1
$\begingroup$

$2^n$, with $n$ corresponding to the number of elements, is an almost unavoidable calculation involved in counting. At the root of its usefulness there lies - I presume - the identity:

$$\sum_{0\leq{k}\leq{n}}\binom nk =2^n$$

that explains its application to the calculation of the power set or $2^S$ or the set of all subsets of $S$. However, it is also used without much need for mathematical theory in day to day calculations, such as determining the different ways that $+$'es and $-$'es can be assigned to a list of numbers, say from $1$ to $3$ (i.e. $n=3$): $1$ can be positive or negative ($2$), and for each branch, $2$ can be positive or negative ($2^2)$, and for each choice, $3$, in turn, can assume positive or negative signs, for a total of $2^3$ ways of allocating signs.

In looking up for a name akin to combinations for $\binom nk$, or permutations for $P(n,k)$ for this ubiquitous $2^n$ operation, I have found "number of $k$-combinations for all $k$, with an explanation as to its correspondence to the sum of the $n$-th row of Pascal triangle.

Very neat. But is there a mathematical name that directly and succinctly identifies this $2^n$ operation of counting a process for which each node or step splits into a binary choice?

$\endgroup$
  • $\begingroup$ $2^n$ is so simple to write that it doesn't need any other specific name or notation. $\endgroup$ – Henning Makholm Nov 10 '15 at 19:24
  • $\begingroup$ @Jean-ClaudeArbaut Thank you. I think you answered my question. I'd be happy to accept it if I could. $\endgroup$ – Antoni Parellada Nov 10 '15 at 19:26
  • $\begingroup$ If you wish :-) $\endgroup$ – Jean-Claude Arbaut Nov 10 '15 at 19:28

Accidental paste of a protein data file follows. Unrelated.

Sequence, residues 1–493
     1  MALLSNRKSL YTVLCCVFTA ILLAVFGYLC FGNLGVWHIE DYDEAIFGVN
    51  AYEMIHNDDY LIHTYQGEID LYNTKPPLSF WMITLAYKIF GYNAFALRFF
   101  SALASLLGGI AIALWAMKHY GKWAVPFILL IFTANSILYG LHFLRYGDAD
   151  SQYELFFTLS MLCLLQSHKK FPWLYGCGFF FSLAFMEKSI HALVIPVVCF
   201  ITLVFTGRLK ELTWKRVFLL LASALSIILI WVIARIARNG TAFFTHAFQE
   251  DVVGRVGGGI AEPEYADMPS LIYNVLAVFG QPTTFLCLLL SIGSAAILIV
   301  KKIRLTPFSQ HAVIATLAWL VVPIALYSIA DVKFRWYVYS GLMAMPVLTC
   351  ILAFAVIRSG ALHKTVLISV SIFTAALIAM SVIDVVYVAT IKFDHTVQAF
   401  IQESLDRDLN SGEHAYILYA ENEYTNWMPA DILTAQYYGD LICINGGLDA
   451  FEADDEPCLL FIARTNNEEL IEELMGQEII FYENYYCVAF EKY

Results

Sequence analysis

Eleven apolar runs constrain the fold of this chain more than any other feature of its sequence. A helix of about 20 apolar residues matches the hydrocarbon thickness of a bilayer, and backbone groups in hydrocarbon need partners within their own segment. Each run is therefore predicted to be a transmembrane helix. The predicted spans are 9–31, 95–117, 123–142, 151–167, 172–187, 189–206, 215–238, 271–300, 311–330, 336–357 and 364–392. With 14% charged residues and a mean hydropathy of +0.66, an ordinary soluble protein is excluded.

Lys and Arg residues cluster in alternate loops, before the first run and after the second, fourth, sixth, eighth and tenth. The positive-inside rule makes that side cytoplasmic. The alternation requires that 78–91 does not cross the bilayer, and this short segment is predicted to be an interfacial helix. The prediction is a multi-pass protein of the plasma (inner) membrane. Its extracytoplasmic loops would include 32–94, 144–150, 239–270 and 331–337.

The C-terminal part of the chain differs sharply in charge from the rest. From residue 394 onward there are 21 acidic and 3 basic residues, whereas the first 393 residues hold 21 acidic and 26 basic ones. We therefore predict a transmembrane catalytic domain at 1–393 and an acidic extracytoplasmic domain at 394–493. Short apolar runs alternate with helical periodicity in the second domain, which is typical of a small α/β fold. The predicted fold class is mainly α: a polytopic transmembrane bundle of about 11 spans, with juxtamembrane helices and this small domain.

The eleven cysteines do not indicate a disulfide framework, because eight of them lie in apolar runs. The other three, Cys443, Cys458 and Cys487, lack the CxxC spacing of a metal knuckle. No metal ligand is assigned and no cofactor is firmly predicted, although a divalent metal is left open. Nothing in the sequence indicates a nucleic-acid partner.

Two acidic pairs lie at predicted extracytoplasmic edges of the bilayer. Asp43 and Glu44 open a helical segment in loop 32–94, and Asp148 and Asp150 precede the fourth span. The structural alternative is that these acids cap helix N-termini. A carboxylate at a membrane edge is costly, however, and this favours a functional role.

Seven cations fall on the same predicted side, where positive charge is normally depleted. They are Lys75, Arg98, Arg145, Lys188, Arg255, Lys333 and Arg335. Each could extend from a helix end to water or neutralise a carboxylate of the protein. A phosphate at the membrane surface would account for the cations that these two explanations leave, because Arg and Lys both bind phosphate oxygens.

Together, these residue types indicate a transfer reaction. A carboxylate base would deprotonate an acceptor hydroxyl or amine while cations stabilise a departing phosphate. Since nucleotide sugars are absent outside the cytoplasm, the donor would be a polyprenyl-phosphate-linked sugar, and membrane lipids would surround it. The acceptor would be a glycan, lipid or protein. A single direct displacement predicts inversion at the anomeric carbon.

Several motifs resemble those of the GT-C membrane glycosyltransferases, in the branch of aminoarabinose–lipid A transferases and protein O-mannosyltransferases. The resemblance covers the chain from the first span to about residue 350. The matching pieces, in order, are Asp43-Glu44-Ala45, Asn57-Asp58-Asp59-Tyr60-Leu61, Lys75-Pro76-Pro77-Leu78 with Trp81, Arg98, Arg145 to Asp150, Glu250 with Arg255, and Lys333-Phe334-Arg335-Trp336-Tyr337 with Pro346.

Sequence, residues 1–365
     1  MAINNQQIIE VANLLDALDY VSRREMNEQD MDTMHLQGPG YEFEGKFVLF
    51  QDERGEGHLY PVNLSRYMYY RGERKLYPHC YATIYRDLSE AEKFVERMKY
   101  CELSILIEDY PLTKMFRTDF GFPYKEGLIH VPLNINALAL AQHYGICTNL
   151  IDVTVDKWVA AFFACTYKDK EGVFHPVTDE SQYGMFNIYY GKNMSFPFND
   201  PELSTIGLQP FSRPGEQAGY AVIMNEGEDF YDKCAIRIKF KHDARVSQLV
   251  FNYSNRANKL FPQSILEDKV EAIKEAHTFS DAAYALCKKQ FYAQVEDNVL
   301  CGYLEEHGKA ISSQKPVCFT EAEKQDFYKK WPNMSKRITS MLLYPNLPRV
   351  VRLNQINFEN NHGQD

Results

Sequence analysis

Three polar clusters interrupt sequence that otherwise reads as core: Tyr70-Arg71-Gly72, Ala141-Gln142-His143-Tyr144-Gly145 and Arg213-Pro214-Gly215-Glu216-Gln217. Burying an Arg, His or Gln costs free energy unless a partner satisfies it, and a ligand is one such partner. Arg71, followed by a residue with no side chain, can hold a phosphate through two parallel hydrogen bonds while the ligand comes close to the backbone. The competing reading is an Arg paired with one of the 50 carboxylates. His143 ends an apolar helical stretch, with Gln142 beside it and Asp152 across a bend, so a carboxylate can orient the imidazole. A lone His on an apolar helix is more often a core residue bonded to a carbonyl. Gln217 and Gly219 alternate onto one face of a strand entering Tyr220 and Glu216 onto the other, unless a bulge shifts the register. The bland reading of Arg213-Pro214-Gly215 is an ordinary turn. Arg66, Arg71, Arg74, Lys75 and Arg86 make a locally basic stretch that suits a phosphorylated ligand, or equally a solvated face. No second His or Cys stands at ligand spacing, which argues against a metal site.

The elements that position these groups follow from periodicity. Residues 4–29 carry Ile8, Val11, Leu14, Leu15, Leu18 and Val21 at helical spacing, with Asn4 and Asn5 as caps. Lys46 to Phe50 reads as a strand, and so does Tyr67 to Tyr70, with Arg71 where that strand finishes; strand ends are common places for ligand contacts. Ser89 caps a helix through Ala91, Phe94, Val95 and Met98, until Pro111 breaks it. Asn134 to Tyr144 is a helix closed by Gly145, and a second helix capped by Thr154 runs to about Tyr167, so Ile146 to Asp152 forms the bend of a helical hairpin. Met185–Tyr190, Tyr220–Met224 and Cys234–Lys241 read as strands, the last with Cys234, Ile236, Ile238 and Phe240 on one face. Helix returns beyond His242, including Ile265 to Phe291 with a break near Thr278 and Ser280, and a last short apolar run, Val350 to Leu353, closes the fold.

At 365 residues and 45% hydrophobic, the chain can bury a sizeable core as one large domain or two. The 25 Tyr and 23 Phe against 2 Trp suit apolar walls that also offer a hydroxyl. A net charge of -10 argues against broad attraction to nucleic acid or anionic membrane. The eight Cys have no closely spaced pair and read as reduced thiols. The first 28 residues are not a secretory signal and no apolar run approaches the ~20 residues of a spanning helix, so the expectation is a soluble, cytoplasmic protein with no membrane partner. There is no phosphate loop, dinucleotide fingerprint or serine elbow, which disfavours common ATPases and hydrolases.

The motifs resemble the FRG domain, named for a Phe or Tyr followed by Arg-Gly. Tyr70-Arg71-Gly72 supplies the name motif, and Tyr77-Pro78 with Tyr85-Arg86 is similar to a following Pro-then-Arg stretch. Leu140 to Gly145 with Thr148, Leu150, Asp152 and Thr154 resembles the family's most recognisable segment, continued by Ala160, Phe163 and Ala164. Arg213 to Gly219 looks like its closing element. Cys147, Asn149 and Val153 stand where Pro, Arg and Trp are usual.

• $\begingroup$ It is the number Of subsets Of a set with n elements. But this is not as succinct as hoped. $\endgroup$ – Jean-François Gagnon Nov 10 '15 at 19:29
1
$\begingroup$

I don't think there is a short name for $2^n$. However, I think that "the number of subsets of a set with $n$ elements" (or cardinal of the powerset, of course) is already nice enough. For instance, it fits very well with your exemple of +'es and -'es: just select the subset of positive terms.

$\endgroup$
1
$\begingroup$

I would call it the base $2$ exponential function. If this doesn't work for you, perhaps you could call it the doubling function?

$\endgroup$
1
$\begingroup$

$2^n$ is a special function not only for the reason specified. It is the discrete analog of the continuous function $e^x$. Namely, it is the unique nontrivial function whose first difference is itself. $$\Delta 2^n = 2^{n+1}-2^n=2\cdot 2^n -2^n=2^n$$ (while in the continuous case $e^x$ is the unique nontrivial function whose first derivative is itself)

$\endgroup$
  • $\begingroup$ This is very cool! Thank you. I was looking for a quick connecting name, much like when I think "permutations" I think "factorial" (n!); and when the problem is one of "combinations" I think "binomial". In trivial math problems like the one I explain (+ and -) the idea of "power sets" doesn't come to mind immediately... $\endgroup$ – Antoni Parellada Nov 10 '15 at 19:32

Your Answer

By clicking “Post Your Answer”, you agree to our terms of service, privacy policy and cookie policy

Not the answer you're looking for? Browse other questions tagged or ask your own question.